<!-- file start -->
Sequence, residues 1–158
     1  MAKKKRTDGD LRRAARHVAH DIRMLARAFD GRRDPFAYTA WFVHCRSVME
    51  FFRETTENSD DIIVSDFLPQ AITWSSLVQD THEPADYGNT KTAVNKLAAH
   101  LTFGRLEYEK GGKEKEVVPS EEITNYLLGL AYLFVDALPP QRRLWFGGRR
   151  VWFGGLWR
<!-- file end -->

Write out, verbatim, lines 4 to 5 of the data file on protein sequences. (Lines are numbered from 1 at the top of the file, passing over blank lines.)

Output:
   101  LTFGRLEYEK GGKEKEVVPS EEITNYLLGL AYLFVDALPP QRRLWFGGRR
   151  VWFGGLWR